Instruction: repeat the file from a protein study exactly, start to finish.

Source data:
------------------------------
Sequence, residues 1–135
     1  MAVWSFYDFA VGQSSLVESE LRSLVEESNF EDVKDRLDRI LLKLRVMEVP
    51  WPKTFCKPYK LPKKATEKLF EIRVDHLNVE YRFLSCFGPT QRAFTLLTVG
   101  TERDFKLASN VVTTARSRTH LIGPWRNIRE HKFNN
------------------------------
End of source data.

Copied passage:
Sequence, residues 1–135
     1  MAVWSFYDFA VGQSSLVESE LRSLVEESNF EDVKDRLDRI LLKLRVMEVP
    51  WPKTFCKPYK LPKKATEKLF EIRVDHLNVE YRFLSCFGPT QRAFTLLTVG
   101  TERDFKLASN VVTTARSRTH LIGPWRNIRE HKFNN